Open access
Enoch Jo and Sonia Lasher-Trapp

Abstract

Supercell thunderstorms can produce heavy precipitation, and an improved understanding of entrainment may help to explain why. In Part I of this series, various mechanisms of entrainment were identified in the rotating stage of a single simulated supercell thunderstorm. The current study examines the strength and effectiveness of these mechanisms as a function of the environmental vertical wind shear in eight different supercell simulations. Entrainment is calculated directly as fluxes of air over the surface of the storm core; tracers are used to assess the resulting dilution of the moistest air ingested by the storm. Model microphysical rates are used to compare the impacts of entrainment on the efficiency of condensation/deposition of water vapor on hydrometeors within the core, and ultimately, upon precipitation production. Results show that the ascending “ribbons” of horizontal vorticity wrapping around the updraft contribute more to entrainment with increasing vertical wind shear, while turbulent eddies on the opposite side of the updraft contribute less. The storm-relative airstream introduces more low-level air into the storm core with increasing vertical wind shear. Thus, the total entrainment increases with increasing vertical wind shear, but the fractional entrainment decreases, yielding an increase in undiluted air within the storm core. As a result, the condensation efficiency within the storm core also increases with increasing vertical wind shear. Due to the increase in hydrometeors detrained aloft and the resulting enhanced evaporation as they fall, the precipitation efficiency evaluated using surface rainfall decreases with increasing vertical wind shear, as found in past studies.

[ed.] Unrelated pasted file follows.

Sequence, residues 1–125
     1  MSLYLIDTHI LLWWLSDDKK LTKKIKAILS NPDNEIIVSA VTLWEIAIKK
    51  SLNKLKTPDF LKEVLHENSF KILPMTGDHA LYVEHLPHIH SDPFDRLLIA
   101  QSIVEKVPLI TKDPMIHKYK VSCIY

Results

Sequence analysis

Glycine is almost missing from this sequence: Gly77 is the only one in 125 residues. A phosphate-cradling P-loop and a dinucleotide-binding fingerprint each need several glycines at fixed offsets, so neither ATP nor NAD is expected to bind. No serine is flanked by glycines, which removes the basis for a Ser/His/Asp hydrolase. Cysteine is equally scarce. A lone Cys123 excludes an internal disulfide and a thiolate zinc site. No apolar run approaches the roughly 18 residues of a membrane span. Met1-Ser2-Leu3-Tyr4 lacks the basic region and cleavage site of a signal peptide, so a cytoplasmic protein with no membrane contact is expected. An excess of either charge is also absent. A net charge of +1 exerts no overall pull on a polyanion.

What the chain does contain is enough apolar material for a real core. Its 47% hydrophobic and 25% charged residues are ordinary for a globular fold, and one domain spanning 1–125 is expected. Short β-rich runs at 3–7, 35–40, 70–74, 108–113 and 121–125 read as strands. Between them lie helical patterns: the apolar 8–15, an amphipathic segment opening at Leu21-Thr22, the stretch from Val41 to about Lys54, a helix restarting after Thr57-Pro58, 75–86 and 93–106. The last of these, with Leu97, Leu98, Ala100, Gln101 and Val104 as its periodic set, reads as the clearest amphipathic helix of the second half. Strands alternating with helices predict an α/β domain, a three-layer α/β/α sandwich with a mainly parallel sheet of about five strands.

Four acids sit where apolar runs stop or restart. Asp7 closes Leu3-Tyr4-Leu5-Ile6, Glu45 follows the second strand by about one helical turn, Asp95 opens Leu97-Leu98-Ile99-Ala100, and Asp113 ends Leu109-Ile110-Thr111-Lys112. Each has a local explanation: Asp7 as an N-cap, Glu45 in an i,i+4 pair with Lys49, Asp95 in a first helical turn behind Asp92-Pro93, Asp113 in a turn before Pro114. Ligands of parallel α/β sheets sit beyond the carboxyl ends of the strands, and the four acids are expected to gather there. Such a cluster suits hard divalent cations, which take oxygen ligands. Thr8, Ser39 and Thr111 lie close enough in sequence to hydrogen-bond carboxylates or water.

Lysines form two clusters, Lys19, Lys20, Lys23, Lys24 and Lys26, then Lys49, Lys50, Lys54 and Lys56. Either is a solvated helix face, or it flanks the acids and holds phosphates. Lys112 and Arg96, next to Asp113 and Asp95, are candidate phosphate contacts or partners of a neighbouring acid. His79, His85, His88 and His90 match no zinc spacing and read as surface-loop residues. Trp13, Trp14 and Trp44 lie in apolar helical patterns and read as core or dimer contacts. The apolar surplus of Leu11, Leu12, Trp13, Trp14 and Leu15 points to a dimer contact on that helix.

Open access
Free access